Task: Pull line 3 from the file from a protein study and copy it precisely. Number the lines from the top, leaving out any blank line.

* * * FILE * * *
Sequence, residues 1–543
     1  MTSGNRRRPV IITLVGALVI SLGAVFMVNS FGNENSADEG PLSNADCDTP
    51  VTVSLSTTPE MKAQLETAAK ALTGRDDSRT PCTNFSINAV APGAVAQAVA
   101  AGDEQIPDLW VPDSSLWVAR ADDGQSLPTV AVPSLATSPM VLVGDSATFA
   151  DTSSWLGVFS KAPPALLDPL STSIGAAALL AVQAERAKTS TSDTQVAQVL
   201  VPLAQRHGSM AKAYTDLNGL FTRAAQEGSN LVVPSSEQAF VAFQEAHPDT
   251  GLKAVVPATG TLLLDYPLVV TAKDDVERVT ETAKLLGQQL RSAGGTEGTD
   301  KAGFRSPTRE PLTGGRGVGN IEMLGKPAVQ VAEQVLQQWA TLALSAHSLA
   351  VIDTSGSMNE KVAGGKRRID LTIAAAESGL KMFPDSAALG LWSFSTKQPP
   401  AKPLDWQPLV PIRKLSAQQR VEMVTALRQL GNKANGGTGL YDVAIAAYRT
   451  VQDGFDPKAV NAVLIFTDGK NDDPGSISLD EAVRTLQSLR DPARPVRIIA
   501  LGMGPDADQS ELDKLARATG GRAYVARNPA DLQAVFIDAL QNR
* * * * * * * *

    51  VTVSLSTTPE MKAQLETAAK ALTGRDDSRT PCTNFSINAV APGAVAQAVA